What is Relay?
The relay spec defines some interfaces that GraphQL servers can follow to allow clients to interact with them in a more efficient way. The spec makes two core assumptions about a GraphQL server:
- It provides a mechanism for refetching an object
- It provides a description of how to page through connections.
You can read more about the relay spec here .
Relay implementation example
Suppose we have the following type:
We want it to have a globally unique ID, a way to retrieve a paginated results
list of it and a way to refetch if if necessary. For that, we need to inherit it
Node interface, annotate its attribute that will be used for
GlobalID generation with
relay.NodeID and implement its
Explaining what we did here:
relay.NodeID[int]. This makes
codea Private type, which will not be exposed to the GraphQL API, and also tells the
Nodeinterface that it should use its value to generate its
id: GlobalID!for the
We also implemented the
resolve_nodesabstract method. This method is responsible for retrieving the
Fruitinstances given its
codeis our id,
node_idswill be a list of codes as a string.
GlobalID gets generated by getting the base64 encoded version of the
<TypeName>:<NodeID> . In the example above, the
Fruit with a code of
1 would have its
Now we can expose it in the schema for retrieval and pagination like:
This will generate a schema like this:
With only that we have a way to query
node to retrieve any
type in our schema (which includes our
Fruit type), and also a way to retrieve
a list of fruits with pagination.
For example, to retrieve a single fruit given its unique ID:
Or to retrieve the first 10 fruits available:
The connection resolver for
relay.ListConnection should return one of those:
Generator[<NodeType>, Any, Any]
The node field
As demonstrated above, the
Node field can be used to retrieve/refetch any
object in the schema that implements the
It can be defined in in the
Query objects in 4 ways:
node: Node: This will define a field that accepts a
GlobalID!and returns a
Nodeinstance. This is the most basic way to define it.
node: Optional[Node]: The same as
Node, but if the given object doesn’t exist, it will return
node: List[Node]: This will define a field that accepts
[GlobalID!]!and returns a list of
Nodeinstances. They can even be from different types.
node: List[Optional[Node]]: The same as
List[Node], but the returned list can contain
nullvalues if the given objects don’t exist.
Custom connection pagination
relay.Connection class don’t implement any pagination logic, and
should be used as a base class to implement your own pagination logic. All you
need to do is implement the
The integration provides
relay.ListConnection , which implements a limit/offset
approach to paginate the results. This is a basic approach and might be enough
for most use cases.
relay.ListConnection implementes the limit/offset by using slices. That means
that you can override what the slice does by customizing the
method of the object returned by your nodes resolver.
For example, when working with
resolve_nodes can return a
QuerySet , meaning that the slice on it will translate to a
the SQL query, which will fetch only the data that is needed from the database.
Also note that if that object doesn’t have a
__getitem__ attribute, it will
itertools.islice to paginate it, meaning that when a generator is being
resolved it will only generate as much results as needed for the given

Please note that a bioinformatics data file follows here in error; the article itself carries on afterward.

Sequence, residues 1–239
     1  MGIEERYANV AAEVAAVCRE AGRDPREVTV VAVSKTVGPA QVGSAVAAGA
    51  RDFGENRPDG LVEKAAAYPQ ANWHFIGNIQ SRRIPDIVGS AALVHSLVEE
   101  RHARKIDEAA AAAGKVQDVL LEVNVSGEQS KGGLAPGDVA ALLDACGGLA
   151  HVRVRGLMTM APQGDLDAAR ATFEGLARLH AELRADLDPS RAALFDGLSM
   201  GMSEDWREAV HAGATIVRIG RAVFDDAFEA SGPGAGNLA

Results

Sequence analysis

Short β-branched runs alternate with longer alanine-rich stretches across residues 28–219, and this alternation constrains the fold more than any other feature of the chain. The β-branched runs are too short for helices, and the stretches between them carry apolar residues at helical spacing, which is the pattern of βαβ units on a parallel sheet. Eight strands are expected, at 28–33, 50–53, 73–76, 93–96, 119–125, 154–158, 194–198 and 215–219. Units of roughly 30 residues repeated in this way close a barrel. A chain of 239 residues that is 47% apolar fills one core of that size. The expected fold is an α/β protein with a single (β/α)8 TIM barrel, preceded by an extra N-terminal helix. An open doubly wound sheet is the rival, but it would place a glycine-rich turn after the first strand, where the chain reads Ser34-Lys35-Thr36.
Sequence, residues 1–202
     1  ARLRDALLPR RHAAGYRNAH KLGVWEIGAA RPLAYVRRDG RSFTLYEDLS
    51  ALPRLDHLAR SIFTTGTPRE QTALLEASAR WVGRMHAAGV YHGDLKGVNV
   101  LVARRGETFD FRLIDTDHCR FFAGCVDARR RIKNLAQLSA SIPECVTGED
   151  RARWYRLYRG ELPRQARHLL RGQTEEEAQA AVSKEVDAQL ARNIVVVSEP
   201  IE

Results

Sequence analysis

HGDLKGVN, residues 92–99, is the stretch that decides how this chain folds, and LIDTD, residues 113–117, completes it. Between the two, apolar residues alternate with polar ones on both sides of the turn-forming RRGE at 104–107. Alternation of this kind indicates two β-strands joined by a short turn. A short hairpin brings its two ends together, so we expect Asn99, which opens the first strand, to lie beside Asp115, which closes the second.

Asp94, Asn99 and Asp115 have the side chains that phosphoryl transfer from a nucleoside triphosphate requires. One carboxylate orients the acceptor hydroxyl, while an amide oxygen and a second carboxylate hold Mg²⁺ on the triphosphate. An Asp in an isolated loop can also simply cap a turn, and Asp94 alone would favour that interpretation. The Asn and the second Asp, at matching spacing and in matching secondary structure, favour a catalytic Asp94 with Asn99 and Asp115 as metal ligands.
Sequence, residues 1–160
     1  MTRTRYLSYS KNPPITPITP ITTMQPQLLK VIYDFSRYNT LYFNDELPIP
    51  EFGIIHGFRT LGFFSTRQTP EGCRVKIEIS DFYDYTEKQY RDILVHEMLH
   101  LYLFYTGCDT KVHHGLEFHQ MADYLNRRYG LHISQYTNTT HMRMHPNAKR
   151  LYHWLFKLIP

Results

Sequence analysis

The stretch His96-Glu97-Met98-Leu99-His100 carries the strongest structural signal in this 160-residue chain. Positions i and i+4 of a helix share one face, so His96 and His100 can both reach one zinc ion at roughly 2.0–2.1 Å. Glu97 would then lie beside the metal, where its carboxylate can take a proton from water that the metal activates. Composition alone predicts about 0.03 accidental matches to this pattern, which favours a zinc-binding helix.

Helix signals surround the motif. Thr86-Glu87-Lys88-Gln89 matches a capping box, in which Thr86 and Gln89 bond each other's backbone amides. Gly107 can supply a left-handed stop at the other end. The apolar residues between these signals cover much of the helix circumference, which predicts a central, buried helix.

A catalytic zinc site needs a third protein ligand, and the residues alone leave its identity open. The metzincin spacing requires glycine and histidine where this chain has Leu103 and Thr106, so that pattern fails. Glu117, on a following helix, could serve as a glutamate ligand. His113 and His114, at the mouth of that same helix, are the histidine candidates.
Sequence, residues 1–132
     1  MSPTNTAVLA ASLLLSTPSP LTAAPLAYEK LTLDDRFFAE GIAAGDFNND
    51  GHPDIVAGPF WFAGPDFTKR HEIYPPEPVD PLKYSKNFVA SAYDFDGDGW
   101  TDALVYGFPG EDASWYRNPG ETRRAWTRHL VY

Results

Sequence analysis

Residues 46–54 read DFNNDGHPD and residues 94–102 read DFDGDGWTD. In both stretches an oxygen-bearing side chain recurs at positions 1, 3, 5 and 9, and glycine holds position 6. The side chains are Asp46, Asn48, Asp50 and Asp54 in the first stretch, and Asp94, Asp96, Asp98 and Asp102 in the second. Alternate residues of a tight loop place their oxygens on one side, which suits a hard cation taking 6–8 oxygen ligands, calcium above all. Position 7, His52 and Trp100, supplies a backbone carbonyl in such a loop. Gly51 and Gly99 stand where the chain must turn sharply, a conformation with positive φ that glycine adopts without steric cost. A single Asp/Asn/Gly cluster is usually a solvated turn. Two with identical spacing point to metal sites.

pagination, the worst case scenario being the last results needing to be
Now, suppose we want to implement a custom cursor-based pagination for our previous example. We can do something like this:
In the example above we specialized the
inheriting it from
relay.Connection[Fruit] . We could still keep it generic by
inheriting it from
relay.Connection[relay.NodeType] and then specialize it
when defining the field, making it possible to use our custom pagination logic
with more than one type.
Custom connection arguments
By default the connection will automatically insert some arguments for it to be able to paginate the results. Those are:
before: Returns the items in the list that come before the specified cursor
after: Returns the items in the list that come after the ” “specified cursor
first: Returns the first n items from the list
last: Returns the items in the list that come after the ” “specified cursor
You can still define extra arguments to be used by your own resolver or custom pagination logic. For example, suppose we want to return the pagination of all fruits whose name starts with a given string. We could do that like this:
This will generate a schema like this:
Convert the node to its proper type when resolving the connection
The connection expects that the resolver will return a list of objects that is a
subclass of its
NodeType . But there may be situations where you are resolving
something that needs to be converted to the proper type, like an ORM model.
In this case you can subclass the
provide a custom
resolve_node method to it, which by default returns the node
as is. For example:
The main advantage of this approach instead of converting it inside the custom
resolver is that the
Connection will paginate the
QuerySet first, which in
case of django will make sure that only the paginated results are fetched from
the database. After that, the
resolve_node function will be called for each
result to retrieve the correct object for it.
We used django for this example, but the same applies to any other other similar use case, like SQLAlchemy, etc.
The GlobalID scalar
GlobalID scalar is a special object that contains all the info necessary
to identify and retrieve a given object that implements the
It can for example be useful in a mutation, to receive and object and retrieve it in its resolver. For example:
In the example above, you can also access the type name directly with
id.type_name , the raw node ID with
id.id , or even resolve the type itself